What is the conflict in Saki's "The Open Window?"

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booboosmoosh eNotes educator| Certified Educator

Saki's short story, entitled "The Open Window," presents several conflicts.

The first one is probably man (or the individual) vs society. Mr. Nuttel has come from the city to rest because of a nervous disorder. We can infer that this is caused primarily due to city life has he has left the city to rest in the country. We might venture to infer that man vs self is also represented in Nuttel's case as he struggles to deal with a specific aspect of his personal health, which he seems unable to control on his own. Man vs man is also present, as Mr. Nuttel has come under some sincere criticism from his sister who does not want him to bury himself alone in the country. A letter of introduction from his sister has brought him to this home. There is also man vs man as he is set up at the hands of the clever Vera who creates such a believable story. And while it is not accurate, for a time he believes he is facing the supernatural—the "ghosts" of Vera's uncle and cousins (and this would be man vs the supernatural).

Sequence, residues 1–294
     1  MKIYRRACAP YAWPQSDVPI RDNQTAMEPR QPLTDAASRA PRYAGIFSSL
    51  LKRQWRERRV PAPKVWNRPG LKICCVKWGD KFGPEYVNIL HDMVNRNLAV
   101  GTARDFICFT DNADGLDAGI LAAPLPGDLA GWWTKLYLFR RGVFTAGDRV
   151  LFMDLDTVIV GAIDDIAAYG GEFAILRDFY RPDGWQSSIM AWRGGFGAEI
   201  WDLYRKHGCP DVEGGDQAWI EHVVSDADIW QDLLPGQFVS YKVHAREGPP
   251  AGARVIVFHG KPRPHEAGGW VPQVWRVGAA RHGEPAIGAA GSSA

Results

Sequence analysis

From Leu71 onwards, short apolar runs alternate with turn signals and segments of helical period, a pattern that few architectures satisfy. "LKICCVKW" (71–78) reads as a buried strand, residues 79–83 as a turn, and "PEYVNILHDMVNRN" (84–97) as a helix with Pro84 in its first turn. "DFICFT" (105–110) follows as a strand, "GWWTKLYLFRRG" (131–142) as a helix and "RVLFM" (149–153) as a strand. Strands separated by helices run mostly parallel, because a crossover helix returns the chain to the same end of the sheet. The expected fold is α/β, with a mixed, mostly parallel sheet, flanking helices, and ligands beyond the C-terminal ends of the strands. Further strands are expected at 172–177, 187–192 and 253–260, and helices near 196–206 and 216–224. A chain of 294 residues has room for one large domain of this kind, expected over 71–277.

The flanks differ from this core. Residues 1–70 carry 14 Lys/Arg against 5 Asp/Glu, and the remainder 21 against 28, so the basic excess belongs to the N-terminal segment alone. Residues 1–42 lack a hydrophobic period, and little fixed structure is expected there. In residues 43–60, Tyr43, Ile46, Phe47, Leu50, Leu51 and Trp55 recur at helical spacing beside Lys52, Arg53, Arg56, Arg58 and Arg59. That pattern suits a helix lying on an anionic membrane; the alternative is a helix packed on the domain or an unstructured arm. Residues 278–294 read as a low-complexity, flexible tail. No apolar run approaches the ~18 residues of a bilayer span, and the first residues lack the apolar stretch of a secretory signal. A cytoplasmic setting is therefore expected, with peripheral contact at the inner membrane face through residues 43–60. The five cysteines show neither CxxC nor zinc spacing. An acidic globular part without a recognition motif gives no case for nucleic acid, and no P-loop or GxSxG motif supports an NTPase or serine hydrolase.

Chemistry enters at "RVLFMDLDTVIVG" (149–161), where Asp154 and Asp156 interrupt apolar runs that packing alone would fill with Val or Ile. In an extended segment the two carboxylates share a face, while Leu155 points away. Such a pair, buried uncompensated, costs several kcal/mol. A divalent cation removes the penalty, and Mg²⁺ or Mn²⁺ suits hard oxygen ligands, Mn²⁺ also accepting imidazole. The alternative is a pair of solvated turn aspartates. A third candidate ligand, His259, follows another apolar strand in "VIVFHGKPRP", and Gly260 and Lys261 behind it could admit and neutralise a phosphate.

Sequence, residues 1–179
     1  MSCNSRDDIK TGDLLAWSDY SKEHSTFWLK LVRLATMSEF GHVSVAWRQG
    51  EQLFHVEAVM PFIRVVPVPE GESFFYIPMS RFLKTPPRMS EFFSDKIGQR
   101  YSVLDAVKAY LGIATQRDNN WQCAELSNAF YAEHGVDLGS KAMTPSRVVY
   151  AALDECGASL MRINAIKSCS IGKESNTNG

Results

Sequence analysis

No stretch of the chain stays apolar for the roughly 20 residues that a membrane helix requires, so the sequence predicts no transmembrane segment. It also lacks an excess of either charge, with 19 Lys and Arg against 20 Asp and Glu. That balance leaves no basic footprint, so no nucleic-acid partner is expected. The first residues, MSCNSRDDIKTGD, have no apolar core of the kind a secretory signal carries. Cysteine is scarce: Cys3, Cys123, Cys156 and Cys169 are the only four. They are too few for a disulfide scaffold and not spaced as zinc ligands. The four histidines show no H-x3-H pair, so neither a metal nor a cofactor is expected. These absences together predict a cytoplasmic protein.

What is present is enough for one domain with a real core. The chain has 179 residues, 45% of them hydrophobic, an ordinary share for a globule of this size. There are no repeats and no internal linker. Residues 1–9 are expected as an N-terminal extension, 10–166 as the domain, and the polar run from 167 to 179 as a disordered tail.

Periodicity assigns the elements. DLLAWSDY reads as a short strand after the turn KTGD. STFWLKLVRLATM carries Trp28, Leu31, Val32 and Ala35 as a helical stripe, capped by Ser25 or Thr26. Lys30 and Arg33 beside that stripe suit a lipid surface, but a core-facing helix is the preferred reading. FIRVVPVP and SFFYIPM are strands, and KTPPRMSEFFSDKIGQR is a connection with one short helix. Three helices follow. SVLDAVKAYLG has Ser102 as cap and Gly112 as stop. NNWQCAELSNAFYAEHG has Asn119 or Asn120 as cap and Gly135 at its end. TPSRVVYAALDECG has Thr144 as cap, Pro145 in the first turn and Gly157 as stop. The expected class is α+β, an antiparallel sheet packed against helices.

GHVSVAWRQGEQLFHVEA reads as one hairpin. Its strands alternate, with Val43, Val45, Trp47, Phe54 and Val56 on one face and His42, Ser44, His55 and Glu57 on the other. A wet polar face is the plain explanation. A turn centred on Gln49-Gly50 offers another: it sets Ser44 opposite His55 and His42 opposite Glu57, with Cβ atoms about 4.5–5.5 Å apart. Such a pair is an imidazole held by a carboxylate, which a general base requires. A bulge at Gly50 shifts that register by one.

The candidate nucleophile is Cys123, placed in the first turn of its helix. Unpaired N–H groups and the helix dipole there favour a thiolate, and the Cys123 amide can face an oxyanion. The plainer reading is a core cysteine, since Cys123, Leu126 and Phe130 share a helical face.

Vera, who is staying with her aunt and and uncle, and has little other company beyond them and her two cousins (who she probably has nothing to in common with given their age and gender), is most likely bored. It is hard to say where exactly this conflict rests: however, Vera's inability to find a more productive and kinder form of entertainment would probably introduce the conflict of man vs. self. She uses Mr. Nuttel to amuse herself, and this is man vs man.

Ironically, though there are several examples of different kinds of conflict, the mood of the story is not filled with the tension often found in a story with so much conflict, although these conflicts do introduce a sense of mystery and fear, as well as excitement—in the reader.